The interior ministry stated they have sacked security commander Sayed Agha Saqeeb, security chief Amanullah, and head against crimes Abdul Satar. The three officials have been remanded to the prosecuting attorney's office for interrogation and possible criminal charges of misconduct. The ministry also reported arresting several other officials related to the case, but will not reveal their names unless charges are filed.

The Kandahar prison break was one of the largest attacks in recent history, and security experts said no such attack has ever been attempted before.

The interior ministry has appointed Matiullah Asakzai as the new security commander in Kandahar. Mr. Asakzai had worked as a high ranking security commander previously.

Kandahar, like other unstable south provinces of Afghanistan, has seen recent sharp increases in violence.

Posted by: Atman | Jul 1 2008 5:58 utc | 1

In Afghanistan, the West, in the form of USuk and NATO, plus the humanitarian re builders, are engaging in a hold-off, stand-off, kind of action. Mild so called warfare, occupation of small parts of the territory, control of a puppet Gvmt, some social actions, etc. All the parties walk over each other and are at cross purposes. The different parties hold off, watch and make some sorties, kill some, withdraw; build a road; occupy the road; destroy the road; have a grand party, champagne or grilled goat; get FAO aid, skimmed, etc.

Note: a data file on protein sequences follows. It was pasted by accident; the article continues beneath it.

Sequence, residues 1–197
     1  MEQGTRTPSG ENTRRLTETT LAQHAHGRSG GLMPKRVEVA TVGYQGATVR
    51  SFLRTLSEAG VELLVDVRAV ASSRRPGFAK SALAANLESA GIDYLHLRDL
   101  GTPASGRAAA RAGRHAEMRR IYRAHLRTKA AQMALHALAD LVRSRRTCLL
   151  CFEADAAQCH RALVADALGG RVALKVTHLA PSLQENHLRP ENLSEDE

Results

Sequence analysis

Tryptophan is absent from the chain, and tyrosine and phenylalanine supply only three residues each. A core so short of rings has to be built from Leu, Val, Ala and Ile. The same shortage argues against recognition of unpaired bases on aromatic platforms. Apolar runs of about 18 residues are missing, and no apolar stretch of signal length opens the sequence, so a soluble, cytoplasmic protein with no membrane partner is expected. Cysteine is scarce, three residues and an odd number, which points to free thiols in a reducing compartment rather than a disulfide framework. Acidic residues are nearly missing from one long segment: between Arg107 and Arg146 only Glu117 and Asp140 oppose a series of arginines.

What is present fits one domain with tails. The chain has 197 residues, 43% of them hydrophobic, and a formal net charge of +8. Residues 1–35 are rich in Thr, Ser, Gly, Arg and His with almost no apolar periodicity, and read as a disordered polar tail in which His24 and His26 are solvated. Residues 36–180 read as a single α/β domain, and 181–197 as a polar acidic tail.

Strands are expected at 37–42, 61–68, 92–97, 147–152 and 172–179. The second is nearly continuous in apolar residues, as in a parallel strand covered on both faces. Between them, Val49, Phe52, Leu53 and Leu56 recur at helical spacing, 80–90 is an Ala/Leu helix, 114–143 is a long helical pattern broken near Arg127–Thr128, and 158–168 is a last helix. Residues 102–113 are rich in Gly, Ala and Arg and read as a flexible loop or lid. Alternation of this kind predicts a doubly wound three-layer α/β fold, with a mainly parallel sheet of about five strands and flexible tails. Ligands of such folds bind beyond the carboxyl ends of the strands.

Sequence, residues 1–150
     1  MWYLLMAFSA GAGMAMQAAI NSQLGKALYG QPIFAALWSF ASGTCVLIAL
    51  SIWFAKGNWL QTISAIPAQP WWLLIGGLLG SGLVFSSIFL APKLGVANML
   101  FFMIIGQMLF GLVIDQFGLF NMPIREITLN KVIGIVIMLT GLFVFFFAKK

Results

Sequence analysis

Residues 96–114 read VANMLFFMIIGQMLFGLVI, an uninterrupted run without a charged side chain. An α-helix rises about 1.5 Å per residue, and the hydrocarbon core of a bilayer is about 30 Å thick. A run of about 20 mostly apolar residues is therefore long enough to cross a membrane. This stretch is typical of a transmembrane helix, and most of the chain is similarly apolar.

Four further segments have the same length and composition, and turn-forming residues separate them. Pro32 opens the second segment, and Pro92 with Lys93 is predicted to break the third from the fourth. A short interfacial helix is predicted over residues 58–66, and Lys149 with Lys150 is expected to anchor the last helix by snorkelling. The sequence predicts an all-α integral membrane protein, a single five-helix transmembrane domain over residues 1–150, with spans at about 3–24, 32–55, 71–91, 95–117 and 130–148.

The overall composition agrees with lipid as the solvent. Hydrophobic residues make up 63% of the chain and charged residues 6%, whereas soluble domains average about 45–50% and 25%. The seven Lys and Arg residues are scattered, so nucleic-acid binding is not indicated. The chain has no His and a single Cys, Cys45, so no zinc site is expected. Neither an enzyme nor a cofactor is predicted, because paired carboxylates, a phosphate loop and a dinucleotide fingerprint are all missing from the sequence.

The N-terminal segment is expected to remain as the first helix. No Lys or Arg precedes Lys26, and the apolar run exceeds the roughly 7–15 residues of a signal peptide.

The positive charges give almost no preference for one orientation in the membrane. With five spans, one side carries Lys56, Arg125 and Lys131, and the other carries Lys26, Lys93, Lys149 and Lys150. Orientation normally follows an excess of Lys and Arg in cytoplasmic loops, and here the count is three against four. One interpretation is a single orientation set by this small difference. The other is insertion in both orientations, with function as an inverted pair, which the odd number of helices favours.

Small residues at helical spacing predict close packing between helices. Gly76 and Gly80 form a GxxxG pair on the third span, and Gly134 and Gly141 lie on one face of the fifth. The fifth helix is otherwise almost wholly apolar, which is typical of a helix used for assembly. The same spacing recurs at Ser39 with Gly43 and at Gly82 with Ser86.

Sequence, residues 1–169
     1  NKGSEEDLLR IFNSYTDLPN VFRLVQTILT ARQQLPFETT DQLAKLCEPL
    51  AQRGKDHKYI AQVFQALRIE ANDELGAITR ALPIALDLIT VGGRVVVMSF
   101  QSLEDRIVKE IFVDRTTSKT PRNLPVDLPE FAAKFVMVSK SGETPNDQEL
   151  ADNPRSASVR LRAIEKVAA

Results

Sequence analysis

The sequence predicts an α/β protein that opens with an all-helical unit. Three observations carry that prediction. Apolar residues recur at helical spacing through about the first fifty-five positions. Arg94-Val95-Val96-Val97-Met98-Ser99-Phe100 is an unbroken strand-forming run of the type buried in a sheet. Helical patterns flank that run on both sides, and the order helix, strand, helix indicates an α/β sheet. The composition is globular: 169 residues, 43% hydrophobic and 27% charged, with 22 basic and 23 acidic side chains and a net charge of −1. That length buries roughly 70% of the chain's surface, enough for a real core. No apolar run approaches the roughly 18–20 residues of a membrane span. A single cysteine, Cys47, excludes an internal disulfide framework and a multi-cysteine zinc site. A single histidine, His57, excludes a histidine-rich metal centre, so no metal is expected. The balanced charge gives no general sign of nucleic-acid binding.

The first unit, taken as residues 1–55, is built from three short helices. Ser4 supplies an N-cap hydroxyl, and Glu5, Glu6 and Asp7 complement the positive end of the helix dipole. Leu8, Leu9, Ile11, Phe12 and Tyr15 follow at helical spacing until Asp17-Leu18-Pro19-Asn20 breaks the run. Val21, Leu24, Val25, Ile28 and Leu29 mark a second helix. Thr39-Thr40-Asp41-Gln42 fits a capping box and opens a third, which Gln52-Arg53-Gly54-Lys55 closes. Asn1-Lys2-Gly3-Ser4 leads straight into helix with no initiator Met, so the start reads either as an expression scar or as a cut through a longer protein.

Why the westerners are doing it many of them have no clue: but they are paid handsomely and the opportunities for perks not to say scams are huge. Kaboul has lovely houses with plenty of servants and guards, fences etc. It is an exciting life, and allows one to dominate, underpay, and kill (and rape.) The drugs scene is there to be tapped - a little courage and huge benefits can be yours.

All the dominant actors prey on the lower ones. It is a free market, guys, a free market with elites protected by guns and helicopters...

One vision.

Posted by: Tangerine | Jul 1 2008 20:13 utc | 2